Q: I have power of attorney for my 96-year-old great grandma who is suffering from dementia and is no longer able to live in her home. She has a vacant home in Bakersfield. I am wondering if I should leave the home vacant until she passes or would there be benefits to selling it while she is still alive? -- Linda, Fair Oaks, CA
A: There are two types of durable powers of attorney - one that is effective immediately, and one that is effective only upon a person's incapacity (sometimes called a "springing" durable power of attorney). If your great-grandmother's power of attorney is the springing type, you need proof of her incapacity (usually a doctor's certification but check the document) before you can act using her power of attorney.
If the power of attorney is effective now, there are a number of issues to consider regarding whether to sell the house. First, if she is receiving certain types of state or federal benefits, the proceeds from the sale of the house could affect her continued eligibility for these benefits.
Also, depending on the house's value and her cost basis in the house, there could also be adverse tax consequences to selling the house now. If the house would sell for more than the cost basis, there could be capital gain tax to pay. She may qualify for the $250,000 exemption from capital gain tax on the sale of a principal residence, but if the gain is more than $250,000 there would be capital gain tax on the amount over that.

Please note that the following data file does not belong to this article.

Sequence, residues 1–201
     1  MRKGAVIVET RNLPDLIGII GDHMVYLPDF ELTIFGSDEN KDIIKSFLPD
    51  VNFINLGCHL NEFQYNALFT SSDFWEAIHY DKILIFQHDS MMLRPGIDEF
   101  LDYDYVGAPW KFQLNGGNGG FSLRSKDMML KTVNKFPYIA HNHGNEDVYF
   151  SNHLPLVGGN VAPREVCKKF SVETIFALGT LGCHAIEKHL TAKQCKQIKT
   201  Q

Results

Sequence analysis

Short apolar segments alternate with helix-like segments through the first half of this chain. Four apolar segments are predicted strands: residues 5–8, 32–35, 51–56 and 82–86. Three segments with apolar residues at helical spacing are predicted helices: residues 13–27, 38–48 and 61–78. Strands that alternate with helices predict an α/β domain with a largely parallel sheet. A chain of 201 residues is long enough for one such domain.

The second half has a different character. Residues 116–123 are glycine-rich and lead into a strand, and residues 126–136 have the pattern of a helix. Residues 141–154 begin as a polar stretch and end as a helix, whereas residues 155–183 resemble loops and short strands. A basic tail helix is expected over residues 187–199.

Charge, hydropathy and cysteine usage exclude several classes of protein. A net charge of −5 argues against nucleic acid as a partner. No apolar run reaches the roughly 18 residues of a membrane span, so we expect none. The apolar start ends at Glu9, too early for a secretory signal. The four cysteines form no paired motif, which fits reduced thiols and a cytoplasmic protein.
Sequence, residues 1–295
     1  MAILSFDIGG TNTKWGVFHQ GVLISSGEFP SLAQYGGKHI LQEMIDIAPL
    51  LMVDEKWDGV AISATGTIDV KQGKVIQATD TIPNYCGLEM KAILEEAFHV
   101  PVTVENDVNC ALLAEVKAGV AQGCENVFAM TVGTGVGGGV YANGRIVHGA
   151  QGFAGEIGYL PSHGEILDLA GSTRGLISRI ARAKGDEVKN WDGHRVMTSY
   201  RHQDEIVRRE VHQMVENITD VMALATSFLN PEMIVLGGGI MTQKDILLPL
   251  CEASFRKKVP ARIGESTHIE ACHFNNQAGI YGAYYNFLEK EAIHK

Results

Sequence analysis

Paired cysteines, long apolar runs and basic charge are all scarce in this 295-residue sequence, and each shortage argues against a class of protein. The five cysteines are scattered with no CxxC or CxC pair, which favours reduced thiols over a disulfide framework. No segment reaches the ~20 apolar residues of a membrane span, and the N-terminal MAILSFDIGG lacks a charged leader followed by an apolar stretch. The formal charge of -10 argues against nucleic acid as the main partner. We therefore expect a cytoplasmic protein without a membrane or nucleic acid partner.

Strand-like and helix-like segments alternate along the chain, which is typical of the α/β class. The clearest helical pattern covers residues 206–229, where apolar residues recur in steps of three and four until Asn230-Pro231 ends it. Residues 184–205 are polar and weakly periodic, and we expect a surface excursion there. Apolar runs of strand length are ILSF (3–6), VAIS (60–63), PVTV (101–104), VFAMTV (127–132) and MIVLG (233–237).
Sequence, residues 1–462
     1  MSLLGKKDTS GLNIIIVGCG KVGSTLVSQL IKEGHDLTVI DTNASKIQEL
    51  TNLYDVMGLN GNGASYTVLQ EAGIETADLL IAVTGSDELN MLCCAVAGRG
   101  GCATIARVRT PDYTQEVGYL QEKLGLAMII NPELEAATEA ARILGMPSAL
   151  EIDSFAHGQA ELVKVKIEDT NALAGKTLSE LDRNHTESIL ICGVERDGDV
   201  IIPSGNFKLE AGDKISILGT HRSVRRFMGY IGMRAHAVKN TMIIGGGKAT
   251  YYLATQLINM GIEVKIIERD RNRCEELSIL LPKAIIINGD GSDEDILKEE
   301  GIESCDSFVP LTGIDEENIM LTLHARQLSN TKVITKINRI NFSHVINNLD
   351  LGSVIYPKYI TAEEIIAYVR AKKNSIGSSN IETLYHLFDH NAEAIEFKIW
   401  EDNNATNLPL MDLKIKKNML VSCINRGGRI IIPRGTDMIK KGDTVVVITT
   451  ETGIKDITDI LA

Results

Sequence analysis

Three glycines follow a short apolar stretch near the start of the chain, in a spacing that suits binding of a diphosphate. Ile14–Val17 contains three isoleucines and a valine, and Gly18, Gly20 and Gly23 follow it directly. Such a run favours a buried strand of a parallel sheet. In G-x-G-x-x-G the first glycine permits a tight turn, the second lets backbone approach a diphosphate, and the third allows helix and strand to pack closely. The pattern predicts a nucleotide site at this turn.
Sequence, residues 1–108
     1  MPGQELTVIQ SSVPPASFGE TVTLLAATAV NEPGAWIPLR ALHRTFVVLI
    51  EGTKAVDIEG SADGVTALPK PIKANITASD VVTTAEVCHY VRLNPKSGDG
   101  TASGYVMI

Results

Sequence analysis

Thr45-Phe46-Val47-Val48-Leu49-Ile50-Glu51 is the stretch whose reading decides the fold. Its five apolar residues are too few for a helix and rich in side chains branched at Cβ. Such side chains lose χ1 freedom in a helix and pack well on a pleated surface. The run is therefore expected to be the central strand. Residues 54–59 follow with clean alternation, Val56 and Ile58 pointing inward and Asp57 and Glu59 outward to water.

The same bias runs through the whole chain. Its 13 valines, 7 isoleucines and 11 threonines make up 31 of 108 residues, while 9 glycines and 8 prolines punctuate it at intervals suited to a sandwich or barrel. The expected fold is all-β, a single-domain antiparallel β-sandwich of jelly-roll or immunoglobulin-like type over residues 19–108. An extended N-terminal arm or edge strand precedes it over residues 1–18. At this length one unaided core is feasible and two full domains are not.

On the other hand, there are costs associated with keeping the house to consider as well - upkeep, property taxes, repairs, etc.
I would recommend consulting with your great-grandmother's estate planning attorney and/or accountant if you have questions about whether to keep the house. The answer depends on your great-grandmother's specific situation, and an experienced attorney or accountant can help you analyze the benefits and drawbacks of the sale in her case.
Finally, if the house is held in a trust, you may be not able to sell it using the durable power of attorney. The trustee manages the assets inside the trust, so the trustee would be the person who would handle issues related to the house.